IAN  :     Yes.  You guys had some serious following very quickly.  Do you think the whole nostalgia element really helped build up that following?

    RYAN:   Yes.  Absolutely.  I mean, like, I said, we’re tapping into multiple different fan bases.  And like, anybody who grew up in America knows our source material, which, you know, like, it’s a little weird if I run into somebody from Japan or Europe.  And they’re like, “Yes, no.  I don’t know what it says.”  Oh, my God.  Sorry.

    IAN  :     (Ha)

    RYAN:   It becomes a lot more difficult to pitch it because it’s like, “Oh, it’s based on this really old kind of crappy educational game.”  “Well, whatever.”   It’s about zombies.

    IAN  :     I’m sure you’re aware that we have this whole bit revival movement going on in the gaming culture right now.  Chip tune music and other people doing retro games or pixel kinds of games.  Do you think, even if this sounds a little oxymoronic, that there’s a future for retro gaming?  Or is this just a fad?

    RYAN:   Oh, okay.  So—and part of your question that I forgot to answer was the reason that we got to doing Organ Trail—is because we had two programmers and a designer, and not really anything else.  And so I do art as a hobby.  It’s like, I can do it badly.  So I ended up becoming artist for the flash version and making really retro art specifically set like the Atari II—was within my capacity because it was like, “All right.  Well, make a dude with like, 15 colors and like, 30 pixels.”  And so that limitation makes it really easy—to figure out.  It’s like there’s so many possible ways you can draw a guy.  And you only have like, with one kind of pink.  And so it was very much within our capacity to make this retro game.  And I think the reason that retros are going to stick around is because it’s pretty easy to convey an idea and you don’t need to be a beautiful illustrator.  And so it’s really the idea that’s—it’s a low-fi communication channel that makes it easy for somebody to represent an environment characters all this stuff that’s relatable in some fashion and recognizable in some fashion, and anybody can do it.  So I think that’s the strength of retro gaming.  I remember the other day, I saw a thread on Reddit.  It was like, “Man, how come indie games don’t have like HD graphics?  Like, they’re such cheap bastards, I’m so tired of retro.”  And it just seemed so out-of- touch to me because if I didn’t realize that—that indies generally don’t have money.  And so (ha) these HD models that get made and big games are touched by like, anywhere between three and 10 people—for animation, and rigging, and texturing, and concepting, and all this stuff.  It’s just like a simple sprite sheet.  That only needs one person.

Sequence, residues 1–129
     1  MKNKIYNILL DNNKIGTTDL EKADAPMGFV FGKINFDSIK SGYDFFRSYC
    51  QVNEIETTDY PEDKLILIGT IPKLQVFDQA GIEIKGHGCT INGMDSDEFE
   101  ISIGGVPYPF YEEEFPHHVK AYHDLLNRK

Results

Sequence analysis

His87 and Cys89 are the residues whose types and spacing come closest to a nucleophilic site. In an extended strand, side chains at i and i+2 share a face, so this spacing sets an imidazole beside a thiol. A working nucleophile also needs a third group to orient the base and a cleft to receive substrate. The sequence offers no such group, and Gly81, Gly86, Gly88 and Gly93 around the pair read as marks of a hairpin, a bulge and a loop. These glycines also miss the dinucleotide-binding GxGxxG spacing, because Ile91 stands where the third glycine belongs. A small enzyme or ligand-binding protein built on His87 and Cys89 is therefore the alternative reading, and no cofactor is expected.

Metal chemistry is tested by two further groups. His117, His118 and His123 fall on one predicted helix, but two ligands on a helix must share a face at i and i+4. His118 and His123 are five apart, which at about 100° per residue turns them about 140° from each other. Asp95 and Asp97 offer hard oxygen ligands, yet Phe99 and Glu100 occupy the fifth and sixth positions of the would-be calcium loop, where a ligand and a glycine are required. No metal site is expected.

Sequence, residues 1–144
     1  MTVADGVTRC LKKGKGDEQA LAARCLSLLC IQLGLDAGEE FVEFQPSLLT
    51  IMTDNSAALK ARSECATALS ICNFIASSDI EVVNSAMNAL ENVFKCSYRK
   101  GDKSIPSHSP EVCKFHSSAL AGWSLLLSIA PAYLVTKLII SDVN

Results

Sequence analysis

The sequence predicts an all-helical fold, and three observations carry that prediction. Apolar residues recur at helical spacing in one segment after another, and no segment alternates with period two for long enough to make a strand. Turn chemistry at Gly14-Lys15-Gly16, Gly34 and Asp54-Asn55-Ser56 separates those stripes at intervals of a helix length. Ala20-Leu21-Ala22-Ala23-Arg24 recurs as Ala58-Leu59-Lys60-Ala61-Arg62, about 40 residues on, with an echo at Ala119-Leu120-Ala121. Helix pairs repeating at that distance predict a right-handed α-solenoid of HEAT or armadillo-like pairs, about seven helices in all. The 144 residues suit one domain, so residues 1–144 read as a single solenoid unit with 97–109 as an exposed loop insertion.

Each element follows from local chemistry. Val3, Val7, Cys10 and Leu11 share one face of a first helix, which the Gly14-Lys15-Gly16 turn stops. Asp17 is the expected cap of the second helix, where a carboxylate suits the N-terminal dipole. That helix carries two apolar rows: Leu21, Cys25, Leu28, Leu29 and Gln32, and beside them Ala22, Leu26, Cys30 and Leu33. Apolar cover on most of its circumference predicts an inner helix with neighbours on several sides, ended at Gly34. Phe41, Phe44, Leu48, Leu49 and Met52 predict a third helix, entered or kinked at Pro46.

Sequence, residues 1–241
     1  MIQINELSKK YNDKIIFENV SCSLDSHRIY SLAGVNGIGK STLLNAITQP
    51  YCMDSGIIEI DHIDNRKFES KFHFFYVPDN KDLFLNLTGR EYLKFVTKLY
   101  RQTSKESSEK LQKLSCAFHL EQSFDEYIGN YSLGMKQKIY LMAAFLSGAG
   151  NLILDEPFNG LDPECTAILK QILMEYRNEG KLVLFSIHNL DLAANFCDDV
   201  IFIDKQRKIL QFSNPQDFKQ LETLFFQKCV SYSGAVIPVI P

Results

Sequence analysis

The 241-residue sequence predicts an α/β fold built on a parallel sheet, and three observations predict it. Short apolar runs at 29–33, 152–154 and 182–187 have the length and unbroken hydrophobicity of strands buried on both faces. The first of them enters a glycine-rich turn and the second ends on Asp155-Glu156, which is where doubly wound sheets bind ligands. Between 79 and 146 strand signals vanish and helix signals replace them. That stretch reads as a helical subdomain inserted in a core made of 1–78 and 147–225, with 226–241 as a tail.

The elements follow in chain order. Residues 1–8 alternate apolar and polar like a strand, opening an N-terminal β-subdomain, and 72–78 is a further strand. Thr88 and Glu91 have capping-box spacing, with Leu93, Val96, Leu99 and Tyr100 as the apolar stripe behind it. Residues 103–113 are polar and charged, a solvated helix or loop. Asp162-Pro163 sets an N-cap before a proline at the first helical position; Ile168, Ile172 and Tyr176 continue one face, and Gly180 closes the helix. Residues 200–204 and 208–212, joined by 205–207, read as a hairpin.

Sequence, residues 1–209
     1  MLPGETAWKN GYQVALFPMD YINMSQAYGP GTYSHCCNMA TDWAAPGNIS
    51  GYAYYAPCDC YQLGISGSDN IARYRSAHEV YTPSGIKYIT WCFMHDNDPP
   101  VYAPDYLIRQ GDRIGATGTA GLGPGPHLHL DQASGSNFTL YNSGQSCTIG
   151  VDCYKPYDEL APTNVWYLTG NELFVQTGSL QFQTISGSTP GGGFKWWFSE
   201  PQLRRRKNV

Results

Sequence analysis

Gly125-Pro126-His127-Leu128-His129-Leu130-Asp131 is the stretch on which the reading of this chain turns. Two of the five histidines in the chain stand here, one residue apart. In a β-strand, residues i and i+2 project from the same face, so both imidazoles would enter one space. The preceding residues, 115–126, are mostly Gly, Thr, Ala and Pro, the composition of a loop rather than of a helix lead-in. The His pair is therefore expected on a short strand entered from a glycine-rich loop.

IAN  :     Well, thank you for speaking with me, Ryan.  If you haven’t already, then you can play Organ Trail: Director’s Cut on Mac, PC, Linux, iOS, or Android.  Available through Steam. Desura and Amazon Apps.  Also, check out more from Ryan and The Men Who Wear Many Hats at

    [End of Audio – 00:07:05]